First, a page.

When the clock is going TICK TICK TICK, it can be hard to think clearly, because you’re anxious about the clock.
Math anxiety is well understood, and no small part of this comes from the pressure of timed tests. Ultimately, some people take tests faster than other people. I would hope that you want your tests to measure how much students have learned, not their ability to take tests under pressure. If this is the case, then everybody taking the test needs to feel that they have adequate time.
Time anxiety isn’t just about math, but can happen in any test when students don’t feel they have enough time to do the work expected of them. In the long run, the pressure of timed assessments takes the joy away from learning, and also hinders the ability to learn effectively by affecting how a perceives their ow ability. The anxiety of testing is amplified when the stakes of the exam are higher, when the cost of not doing well is steep.
I can think of two substantial ways we can design our assessments to cut back on test anxiety.
First, we can work to avoid high-stakes exams. Research has shown that having more assessments, each worth a smaller fraction of the grade, results in more learning. (I’m interested in running a class with no midterms, just 20-minute mini-tests every week, or 30-minute mini-tests every two weeks. But I haven’t done this yet.) By letting students drop the lowest test score, this also can decrease the stakes that are felt for any individual exam.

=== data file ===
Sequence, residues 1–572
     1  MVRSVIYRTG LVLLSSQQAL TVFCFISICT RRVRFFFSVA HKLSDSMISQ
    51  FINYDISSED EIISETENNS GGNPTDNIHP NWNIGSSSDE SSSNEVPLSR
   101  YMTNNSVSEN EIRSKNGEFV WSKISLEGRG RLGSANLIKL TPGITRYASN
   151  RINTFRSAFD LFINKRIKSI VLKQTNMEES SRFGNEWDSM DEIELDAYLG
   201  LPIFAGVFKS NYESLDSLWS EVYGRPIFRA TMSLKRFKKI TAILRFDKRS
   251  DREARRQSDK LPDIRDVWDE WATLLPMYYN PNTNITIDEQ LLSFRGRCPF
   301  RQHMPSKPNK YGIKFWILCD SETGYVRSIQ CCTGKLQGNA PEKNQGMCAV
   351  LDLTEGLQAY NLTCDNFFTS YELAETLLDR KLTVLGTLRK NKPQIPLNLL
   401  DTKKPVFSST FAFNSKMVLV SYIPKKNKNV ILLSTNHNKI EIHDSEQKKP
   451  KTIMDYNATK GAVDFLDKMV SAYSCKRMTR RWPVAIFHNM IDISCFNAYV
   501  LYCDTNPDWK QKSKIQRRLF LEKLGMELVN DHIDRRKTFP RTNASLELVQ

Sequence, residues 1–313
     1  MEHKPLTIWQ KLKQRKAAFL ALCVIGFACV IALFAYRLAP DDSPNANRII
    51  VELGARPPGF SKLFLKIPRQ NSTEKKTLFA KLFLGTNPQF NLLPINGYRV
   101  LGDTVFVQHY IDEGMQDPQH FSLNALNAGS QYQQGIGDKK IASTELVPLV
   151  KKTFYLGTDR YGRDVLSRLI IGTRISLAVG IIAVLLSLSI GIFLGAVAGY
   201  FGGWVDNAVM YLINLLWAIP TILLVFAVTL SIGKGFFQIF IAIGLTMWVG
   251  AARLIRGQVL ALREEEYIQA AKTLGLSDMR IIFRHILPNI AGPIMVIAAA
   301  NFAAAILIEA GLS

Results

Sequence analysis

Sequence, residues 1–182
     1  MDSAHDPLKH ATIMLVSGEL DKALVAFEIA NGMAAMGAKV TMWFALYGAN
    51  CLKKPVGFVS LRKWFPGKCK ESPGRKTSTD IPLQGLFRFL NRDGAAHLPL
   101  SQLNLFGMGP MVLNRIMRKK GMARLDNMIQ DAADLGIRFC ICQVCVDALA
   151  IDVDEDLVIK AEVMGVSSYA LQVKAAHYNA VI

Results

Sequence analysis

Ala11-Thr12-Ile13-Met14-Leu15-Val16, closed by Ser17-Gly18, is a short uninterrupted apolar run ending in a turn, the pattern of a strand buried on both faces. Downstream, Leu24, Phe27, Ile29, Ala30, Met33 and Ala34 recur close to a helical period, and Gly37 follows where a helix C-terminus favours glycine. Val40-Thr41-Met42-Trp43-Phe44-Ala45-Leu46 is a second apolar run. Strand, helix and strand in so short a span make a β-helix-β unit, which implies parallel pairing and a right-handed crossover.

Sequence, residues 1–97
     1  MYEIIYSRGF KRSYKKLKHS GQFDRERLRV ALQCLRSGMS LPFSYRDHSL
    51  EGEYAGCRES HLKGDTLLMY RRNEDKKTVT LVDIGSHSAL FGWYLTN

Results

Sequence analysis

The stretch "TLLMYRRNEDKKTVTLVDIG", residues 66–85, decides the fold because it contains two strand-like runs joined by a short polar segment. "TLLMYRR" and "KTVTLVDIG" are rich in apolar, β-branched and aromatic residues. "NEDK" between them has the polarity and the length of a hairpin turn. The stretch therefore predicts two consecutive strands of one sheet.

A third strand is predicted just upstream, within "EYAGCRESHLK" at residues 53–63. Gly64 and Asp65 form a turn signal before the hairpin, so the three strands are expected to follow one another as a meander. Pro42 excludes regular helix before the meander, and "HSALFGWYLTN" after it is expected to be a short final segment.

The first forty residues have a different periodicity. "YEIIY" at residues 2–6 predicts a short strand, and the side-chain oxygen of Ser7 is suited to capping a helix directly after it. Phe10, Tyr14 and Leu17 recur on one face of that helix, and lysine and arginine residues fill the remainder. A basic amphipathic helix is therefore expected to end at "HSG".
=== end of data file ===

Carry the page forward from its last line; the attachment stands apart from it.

Second, we can write our tests so that all of our students have enough time to take them. Just because we think a test isn’t too long doesn’t mean it isn’t too long. It’s the students who get to decide this, and it’s the clock that decides this. Keep in mind that if you feel like you have to cram a ton of things into your test, maybe you’re expecting students to learn too much material rather than learn in depth?
Regardless, there is always going to be a small fraction of students who will want to milk out the greatest possible amount of time for an exam. They’ll be just about finished, but sit around hoping for inspiration for a particular question or two. (We don’t need to wait for these folks to finish, as this might take all day.) But if students are actively working on their exams or quizzes when we collect them, then either not enough time was budgeted for the exam, or it was too long.
Students who have a diagnosed need for extra time can request this service through the campus disability office. But there are a lot of students have not been diagnosed, and others who are not comfortable with making such a request. Ideally, we should make our exams accessible from the start. Which might mean that a lot of students will be done rather early. That’s not so horrible, is it?